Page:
Now I was never that interested in dolls as a child, but even I found my head turned by this young lady. She’s so clearly high quality – her face was made using a four-part mould created exclusively for this doll, and her body is bespoke with a slender torso and wide hips. She also has what doll collectors are looking for: eye appeal and rarity. How rare you ask? Well-
During World War I, when numerous German dolls were flooding the market, Parisian couturier Jeanne Margaine-LaCroix persuaded French doll-maker Albert Marque to sculpt 100 large fashion dolls. These 100 dolls were signed, numbered, and clothed in a custom-designed costume representing royalty or a particular region of France – our doll is number 12 (making her extremely early). Of the 100 “A. Marque” fashion dolls created only twenty or twenty-five are known to have survived.
Whenever an A. Marque doll comes up for auction there’s sure to be interest, and this was no exception. The doll in question fetched an outstanding $150,000 (£93,750) at Frasher’s auction house in Kansas City.
Antiques for Everyone opened yesterday at the NEC in Birmingham. It’s running until the 24th, so there’s still time to go and see if, if you haven't already. It’s really a fabulous show, and it’s well worth going to look even if you don’t intend to buy (although one does often lead to the other, I find).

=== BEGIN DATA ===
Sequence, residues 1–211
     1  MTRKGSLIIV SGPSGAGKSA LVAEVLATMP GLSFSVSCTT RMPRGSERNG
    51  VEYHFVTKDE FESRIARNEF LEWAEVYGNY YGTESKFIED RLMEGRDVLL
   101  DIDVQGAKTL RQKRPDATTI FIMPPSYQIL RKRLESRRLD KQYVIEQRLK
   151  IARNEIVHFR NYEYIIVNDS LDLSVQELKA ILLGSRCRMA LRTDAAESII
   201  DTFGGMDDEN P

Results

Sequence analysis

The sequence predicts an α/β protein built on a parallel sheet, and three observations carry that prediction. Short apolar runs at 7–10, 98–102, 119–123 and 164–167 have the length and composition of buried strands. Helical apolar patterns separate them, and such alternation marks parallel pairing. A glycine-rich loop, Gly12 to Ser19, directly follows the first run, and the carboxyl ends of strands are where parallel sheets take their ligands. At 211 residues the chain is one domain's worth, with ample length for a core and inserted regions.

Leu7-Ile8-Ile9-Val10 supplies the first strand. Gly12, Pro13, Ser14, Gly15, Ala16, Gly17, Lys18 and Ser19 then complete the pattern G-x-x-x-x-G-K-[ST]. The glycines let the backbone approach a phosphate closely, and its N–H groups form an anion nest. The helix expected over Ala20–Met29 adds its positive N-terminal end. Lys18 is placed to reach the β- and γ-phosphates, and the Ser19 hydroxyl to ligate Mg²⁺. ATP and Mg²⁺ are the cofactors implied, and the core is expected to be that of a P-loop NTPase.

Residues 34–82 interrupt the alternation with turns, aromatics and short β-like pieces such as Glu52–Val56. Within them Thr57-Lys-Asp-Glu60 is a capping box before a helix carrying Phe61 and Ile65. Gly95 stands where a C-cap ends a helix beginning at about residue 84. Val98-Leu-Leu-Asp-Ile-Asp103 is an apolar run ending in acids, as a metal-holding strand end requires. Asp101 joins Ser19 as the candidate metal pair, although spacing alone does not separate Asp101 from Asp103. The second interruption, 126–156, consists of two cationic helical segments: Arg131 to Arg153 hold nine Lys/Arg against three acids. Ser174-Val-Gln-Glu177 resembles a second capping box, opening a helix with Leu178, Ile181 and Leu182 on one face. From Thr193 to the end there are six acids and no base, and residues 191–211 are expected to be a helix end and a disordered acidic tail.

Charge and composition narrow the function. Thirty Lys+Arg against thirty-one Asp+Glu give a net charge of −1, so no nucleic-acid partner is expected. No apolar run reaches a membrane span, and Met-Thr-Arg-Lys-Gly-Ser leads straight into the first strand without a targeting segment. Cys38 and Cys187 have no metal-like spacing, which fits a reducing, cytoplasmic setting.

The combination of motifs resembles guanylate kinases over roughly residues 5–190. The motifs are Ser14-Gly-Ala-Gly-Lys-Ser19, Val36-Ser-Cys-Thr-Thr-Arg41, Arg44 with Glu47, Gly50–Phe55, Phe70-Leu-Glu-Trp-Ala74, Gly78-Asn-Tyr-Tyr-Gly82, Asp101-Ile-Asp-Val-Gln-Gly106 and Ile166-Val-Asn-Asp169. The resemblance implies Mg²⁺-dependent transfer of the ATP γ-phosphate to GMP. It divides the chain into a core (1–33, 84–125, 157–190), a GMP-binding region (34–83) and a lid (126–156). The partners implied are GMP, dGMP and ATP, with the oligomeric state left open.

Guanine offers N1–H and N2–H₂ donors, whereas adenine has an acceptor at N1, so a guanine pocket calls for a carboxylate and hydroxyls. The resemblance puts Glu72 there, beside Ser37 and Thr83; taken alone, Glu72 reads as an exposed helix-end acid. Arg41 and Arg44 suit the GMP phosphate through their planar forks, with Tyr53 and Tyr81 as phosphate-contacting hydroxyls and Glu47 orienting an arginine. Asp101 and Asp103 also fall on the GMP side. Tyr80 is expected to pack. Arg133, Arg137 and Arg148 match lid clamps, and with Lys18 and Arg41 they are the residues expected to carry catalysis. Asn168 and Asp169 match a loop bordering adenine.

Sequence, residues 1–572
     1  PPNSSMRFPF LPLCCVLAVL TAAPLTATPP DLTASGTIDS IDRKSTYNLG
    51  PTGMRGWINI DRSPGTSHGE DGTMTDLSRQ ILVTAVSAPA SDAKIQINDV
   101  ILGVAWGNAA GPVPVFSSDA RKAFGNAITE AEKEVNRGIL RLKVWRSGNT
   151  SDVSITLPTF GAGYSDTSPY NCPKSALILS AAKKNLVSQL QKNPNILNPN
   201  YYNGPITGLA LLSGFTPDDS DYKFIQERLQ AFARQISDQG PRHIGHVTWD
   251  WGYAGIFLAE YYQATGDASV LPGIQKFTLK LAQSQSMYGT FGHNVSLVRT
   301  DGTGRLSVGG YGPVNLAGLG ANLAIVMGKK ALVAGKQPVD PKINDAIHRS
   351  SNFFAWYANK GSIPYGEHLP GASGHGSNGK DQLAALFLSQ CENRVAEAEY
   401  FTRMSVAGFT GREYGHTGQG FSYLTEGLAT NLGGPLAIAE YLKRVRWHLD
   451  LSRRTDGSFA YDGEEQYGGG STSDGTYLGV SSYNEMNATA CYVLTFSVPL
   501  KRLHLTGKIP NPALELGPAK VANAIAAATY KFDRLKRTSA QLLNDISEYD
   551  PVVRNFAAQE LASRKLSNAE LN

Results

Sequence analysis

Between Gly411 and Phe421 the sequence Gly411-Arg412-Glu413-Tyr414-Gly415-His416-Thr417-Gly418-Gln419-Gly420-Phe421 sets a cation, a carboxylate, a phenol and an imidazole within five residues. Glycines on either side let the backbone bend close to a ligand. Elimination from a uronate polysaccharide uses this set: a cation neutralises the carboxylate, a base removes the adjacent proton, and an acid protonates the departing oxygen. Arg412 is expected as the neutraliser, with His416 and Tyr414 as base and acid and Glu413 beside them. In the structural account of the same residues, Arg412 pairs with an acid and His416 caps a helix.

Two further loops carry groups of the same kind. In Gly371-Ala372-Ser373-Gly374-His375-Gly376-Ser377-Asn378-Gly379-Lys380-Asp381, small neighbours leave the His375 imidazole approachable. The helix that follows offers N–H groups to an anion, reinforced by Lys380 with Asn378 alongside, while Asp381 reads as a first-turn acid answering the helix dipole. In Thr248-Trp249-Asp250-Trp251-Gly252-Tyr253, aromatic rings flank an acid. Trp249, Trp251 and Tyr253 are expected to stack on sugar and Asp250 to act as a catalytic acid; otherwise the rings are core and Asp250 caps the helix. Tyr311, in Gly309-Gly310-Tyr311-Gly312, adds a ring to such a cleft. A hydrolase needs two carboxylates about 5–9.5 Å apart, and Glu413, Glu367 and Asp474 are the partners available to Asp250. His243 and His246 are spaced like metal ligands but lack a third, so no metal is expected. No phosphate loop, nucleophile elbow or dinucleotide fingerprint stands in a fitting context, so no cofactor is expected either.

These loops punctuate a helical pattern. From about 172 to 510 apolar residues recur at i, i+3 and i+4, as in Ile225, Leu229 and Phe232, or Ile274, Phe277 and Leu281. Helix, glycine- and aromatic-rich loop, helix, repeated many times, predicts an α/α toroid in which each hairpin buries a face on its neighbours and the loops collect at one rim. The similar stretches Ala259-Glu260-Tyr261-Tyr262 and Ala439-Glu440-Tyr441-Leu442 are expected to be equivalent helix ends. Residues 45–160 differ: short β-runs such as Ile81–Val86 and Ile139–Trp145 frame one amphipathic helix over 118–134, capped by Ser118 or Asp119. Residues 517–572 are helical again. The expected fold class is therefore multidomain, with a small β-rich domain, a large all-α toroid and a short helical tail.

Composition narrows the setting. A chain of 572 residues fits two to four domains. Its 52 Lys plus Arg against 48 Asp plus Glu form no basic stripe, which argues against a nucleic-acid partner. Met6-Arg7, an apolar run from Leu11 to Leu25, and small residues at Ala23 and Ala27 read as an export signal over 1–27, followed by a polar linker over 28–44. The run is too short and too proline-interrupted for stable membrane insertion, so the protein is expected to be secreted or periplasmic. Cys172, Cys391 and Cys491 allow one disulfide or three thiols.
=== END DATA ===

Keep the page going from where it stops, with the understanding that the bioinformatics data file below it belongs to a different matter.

Mark and I were part of the vetting team who went round the fair yesterday to make sure everything was suitable. Mark was inspecting 20th century glass, of course, and I got to look at some wonderful pieces of 20th century jewellery with my friend Arlene.
If you are planning to go, why not take a look at the fantastic pottery on display at John Howard’s stall? Last time I was at Antiques For Everyone I bought a lovely juggling hedgehog Staffordshire figure from him. I tried to convince him it was a juggling sheep (which is much less rare), but he would not be deterred from his conviction that it was a hedgehog, and now it lives in my home, I can see that he is quite right.
You could also take a look at the Jeanette Hayhurst’s stall of wonderful glassware – if you’re not going to the NEC, but you are going to be in London, you can catch her at her London shop on Kensington Church Street before it closes in 2 months time. Fortunately Jeanette will still be appearing at fairs, and selling glass over the internet – the glass world would be poorer without her.
There’s also a very rare and interesting doll in the shape of the young Elizabeth II, which is being exhibited at the NEC by Christopher Raimer. Apparently the Royal Family were unwilling to endorse the doll, because it looked much chubbier than the real Princess Elizabeth, but I think she looks rather sweet. There's an article about her and Antiques For Everyone in the Daily Mail, which you can read here.
Whatever you choose to look at, I hope you enjoy the fair as much as I did this year. And if you’re not going this time, there are now three Antiques for Everyone events a year, so make space in your diary for the next one!